The Stacks project

Lemma 109.43.2. Let $(A, \mathfrak m, \kappa )$ be a Noetherian local ring of prime characteristic $p > 0$ such that $[\kappa : \kappa ^ p] < \infty $. Then the canonical map $A \to A^\wedge $ to the completion of $A$ is flat and formally unramified. However, if $A$ is regular but not excellent, then this map is not formally étale.

Proof. Flatness of the completion is Algebra, Lemma 10.97.2. To show that the map is formally unramified, it suffices to show that $\Omega _{A^\wedge /A} = 0$, see Algebra, Lemma 10.148.2.

We sketch a proof. Choose $x_1, \ldots , x_ r \in A$ which map to a $p$-basis $\overline{x}_1, \ldots , \overline{x}_ r$ of $\kappa $, i.e., such that $\kappa $ is minimally generated by $\overline{x}_ i$ over $\kappa ^ p$. Choose a minimal set of generators $y_1, \ldots , y_ s$ of $\mathfrak m$. For each $n$ the elements $x_1, \ldots , x_ r, y_1, \ldots , y_ s$ generate $A/\mathfrak m^ n$ over $(A/\mathfrak m^ n)^ p$ by Frobenius. Some details omitted. We conclude that $F : A^\wedge \to A^\wedge $ is finite. Hence $\Omega _{A^\wedge /A}$ is a finite $A^\wedge $-module. On the other hand, for any $a \in A^\wedge $ and $n$ we can find $a_0 \in A$ such that $a - a_0 \in \mathfrak m^ nA^\wedge $. We conclude that $\text{d}(a) \in \bigcap \mathfrak m^ n \Omega _{A^\wedge /A}$ which implies that $\text{d}(a)$ is zero by Algebra, Lemma 10.51.4. Thus $\Omega _{A^\wedge /A} = 0$.

Suppose $A$ is regular. Then, using the Cohen structure theorem $x_1, \ldots , x_ r, y_1, \ldots , y_ s$ is a $p$-basis for the ring $A^\wedge $, i.e., we have

\[ A^\wedge = \bigoplus \nolimits _{I, J} (A^\wedge )^ p x_1^{i_1} \ldots x_ r^{i_ r} y_1^{j_1} \ldots y_ s^{j_ s} \]

with $I = (i_1, \ldots , i_ r)$, $J = (j_1, \ldots , j_ s)$ and $0 \leq i_ a, j_ b \leq p - 1$. Details omitted. In particular, we see that $\Omega _{A^\wedge }$ is a free $A^\wedge $-module with basis $\text{d}(x_1), \ldots , \text{d}(x_ r), \text{d}(y_1), \ldots , \text{d}(y_ s)$.

Now if $A \to A^\wedge $ is formally étale or even just formally smooth, then we see that $\mathop{N\! L}\nolimits _{A^\wedge /A}$ has vanishing cohomology in degrees $-1, 0$ by Algebra, Proposition 10.138.8. It follows from the Jacobi-Zariski sequence (Algebra, Lemma 10.134.4) for the ring maps $\mathbf{F}_ p \to A \to A^\wedge $ that we get an isomorphism $\Omega _ A \otimes _ A A^\wedge \cong \Omega _{A^\wedge }$. Hence we find that $\Omega _ A$ is free on $\text{d}(x_1), \ldots , \text{d}(x_ r), \text{d}(y_1), \ldots , \text{d}(y_ s)$. Looking at fraction fields and using that $A$ is normal we conclude that $a \in A$ is a $p$th power if and only if its image in $A^\wedge $ is a $p$th power (details omitted; use Algebra, Lemma 10.158.2). A second consequence is that the operators $\partial /\partial x_ a$ and $\partial /\partial y_ b$ are defined on $A$.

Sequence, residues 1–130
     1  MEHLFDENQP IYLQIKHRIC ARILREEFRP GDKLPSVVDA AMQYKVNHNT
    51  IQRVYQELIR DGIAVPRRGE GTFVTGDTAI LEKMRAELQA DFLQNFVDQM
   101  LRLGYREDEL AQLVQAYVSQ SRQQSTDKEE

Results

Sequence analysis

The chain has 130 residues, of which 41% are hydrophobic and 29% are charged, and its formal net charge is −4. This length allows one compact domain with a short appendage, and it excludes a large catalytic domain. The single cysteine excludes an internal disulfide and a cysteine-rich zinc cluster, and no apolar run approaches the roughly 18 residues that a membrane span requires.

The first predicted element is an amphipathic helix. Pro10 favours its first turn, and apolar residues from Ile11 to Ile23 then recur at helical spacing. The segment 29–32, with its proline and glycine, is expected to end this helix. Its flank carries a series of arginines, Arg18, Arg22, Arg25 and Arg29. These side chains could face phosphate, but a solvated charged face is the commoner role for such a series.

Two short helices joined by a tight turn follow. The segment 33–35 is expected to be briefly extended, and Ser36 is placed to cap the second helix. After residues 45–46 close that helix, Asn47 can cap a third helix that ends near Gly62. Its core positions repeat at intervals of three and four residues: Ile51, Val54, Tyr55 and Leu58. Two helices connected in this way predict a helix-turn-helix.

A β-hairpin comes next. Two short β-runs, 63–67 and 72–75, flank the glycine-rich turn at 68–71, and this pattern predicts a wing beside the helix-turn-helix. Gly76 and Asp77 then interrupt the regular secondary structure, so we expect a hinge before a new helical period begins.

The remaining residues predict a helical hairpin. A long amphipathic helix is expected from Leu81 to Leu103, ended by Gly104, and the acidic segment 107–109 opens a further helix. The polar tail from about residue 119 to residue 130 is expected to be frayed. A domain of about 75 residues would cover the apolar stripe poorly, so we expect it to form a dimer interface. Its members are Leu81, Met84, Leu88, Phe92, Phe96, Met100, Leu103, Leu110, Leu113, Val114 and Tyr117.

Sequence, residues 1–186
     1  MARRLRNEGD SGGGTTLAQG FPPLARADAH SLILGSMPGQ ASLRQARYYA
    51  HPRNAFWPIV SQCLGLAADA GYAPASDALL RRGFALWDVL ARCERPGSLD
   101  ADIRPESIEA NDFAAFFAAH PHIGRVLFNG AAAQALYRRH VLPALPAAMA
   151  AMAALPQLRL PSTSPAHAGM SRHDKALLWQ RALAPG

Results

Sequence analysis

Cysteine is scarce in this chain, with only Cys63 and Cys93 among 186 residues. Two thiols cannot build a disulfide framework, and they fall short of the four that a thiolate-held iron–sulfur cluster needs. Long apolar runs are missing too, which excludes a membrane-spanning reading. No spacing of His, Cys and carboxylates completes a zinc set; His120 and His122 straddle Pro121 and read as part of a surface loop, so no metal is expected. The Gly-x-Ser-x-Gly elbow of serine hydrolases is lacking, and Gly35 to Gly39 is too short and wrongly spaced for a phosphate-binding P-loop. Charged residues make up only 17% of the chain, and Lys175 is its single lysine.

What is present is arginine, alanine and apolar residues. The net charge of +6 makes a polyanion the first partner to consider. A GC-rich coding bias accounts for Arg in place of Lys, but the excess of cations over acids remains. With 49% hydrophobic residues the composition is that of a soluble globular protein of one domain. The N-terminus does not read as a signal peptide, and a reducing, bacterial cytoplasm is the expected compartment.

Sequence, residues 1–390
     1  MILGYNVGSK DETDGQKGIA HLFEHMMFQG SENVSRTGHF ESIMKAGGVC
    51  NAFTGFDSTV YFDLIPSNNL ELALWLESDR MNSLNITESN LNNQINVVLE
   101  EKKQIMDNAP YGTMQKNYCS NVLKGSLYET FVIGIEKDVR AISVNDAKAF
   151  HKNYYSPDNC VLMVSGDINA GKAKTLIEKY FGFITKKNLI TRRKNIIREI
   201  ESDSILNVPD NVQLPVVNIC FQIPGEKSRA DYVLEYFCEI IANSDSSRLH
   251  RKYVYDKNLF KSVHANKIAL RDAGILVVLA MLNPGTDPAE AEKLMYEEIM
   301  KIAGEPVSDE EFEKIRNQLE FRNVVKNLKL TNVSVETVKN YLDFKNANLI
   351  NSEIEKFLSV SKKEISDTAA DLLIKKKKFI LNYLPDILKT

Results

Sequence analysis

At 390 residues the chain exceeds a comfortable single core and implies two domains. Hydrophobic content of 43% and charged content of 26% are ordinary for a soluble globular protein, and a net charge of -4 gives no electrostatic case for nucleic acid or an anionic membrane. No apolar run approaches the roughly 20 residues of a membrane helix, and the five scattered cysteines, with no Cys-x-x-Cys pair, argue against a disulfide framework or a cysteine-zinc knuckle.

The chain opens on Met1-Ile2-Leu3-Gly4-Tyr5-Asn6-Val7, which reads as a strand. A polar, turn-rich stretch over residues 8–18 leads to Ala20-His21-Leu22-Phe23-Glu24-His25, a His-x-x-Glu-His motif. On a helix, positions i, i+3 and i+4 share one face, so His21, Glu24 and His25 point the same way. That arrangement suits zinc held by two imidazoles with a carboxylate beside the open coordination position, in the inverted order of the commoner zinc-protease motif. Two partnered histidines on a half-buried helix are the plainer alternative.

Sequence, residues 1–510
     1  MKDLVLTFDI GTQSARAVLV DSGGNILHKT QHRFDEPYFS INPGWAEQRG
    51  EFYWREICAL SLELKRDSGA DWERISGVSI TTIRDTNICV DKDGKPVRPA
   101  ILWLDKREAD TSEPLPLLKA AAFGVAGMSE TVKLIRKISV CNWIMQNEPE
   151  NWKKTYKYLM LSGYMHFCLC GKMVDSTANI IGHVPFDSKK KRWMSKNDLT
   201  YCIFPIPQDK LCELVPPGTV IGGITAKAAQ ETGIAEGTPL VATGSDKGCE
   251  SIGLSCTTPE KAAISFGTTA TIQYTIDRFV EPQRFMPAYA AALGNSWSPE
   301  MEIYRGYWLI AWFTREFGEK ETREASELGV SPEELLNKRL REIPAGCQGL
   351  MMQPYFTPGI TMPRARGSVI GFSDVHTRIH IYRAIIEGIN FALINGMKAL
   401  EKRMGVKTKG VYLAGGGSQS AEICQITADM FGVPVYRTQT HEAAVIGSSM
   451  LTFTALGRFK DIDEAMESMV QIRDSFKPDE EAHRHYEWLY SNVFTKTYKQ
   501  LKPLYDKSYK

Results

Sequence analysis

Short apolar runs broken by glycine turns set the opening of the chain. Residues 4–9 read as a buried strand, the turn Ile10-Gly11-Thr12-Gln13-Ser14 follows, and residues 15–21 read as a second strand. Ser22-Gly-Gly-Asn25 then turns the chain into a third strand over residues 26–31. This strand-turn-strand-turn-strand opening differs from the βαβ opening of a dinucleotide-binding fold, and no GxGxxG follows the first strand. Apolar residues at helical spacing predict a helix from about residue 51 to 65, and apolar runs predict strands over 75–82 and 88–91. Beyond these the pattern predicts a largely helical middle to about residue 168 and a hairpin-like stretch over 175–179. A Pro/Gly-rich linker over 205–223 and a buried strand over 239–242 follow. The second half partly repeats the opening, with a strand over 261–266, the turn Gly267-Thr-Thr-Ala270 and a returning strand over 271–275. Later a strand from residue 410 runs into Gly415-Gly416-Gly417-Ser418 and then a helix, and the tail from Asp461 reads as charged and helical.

We will show that the above lead to the conclusion that $A$ is finite over $A^ p$ with $p$-basis $x_1, \ldots , x_ r, y_1, \ldots , y_ s$. This will contradict the non-excellency of $A$ by a result of Kunz, see [Corollary 2.6, Kun76]. Namely, say $a \in A$ and write

\[ a = \sum \nolimits _{I, J} (a_{I, J})^ p x_1^{i_1} \ldots x_ r^{i_ r} y_1^{j_1} \ldots y_ s^{j_ s} \]

with $a_{I, J} \in A^\wedge $. To finish the proof it suffices to show that $a_{I, J} \in A$. Applying the operator

\[ (\partial /\partial x_1)^{p - 1} \ldots (\partial /\partial x_ r)^{p - 1} (\partial /\partial y_1)^{p - 1} \ldots (\partial /\partial y_ s)^{p - 1} \]

to both sides we conclude that $a_{I, J}^ p \in A$ where $I = (p - 1, \ldots , p - 1)$ and $J = (p - 1, \ldots , p - 1)$. By our remark above, this also implies $a_{I, J} \in A$. After replacing $a$ by $a' = a - a_{I, J}^ p x^ I y^ J$ we can use a $1$-order lower differential operators to get another coefficient $a_{I, J}$ to be in $A$. Etc. $\square$

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